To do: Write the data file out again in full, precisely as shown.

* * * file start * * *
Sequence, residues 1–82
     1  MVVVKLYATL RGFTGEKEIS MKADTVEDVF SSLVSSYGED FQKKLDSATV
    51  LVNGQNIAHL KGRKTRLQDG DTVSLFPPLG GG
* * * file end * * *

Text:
Sequence, residues 1–82
     1  MVVVKLYATL RGFTGEKEIS MKADTVEDVF SSLVSSYGED FQKKLDSATV
    51  LVNGQNIAHL KGRKTRLQDG DTVSLFPPLG GG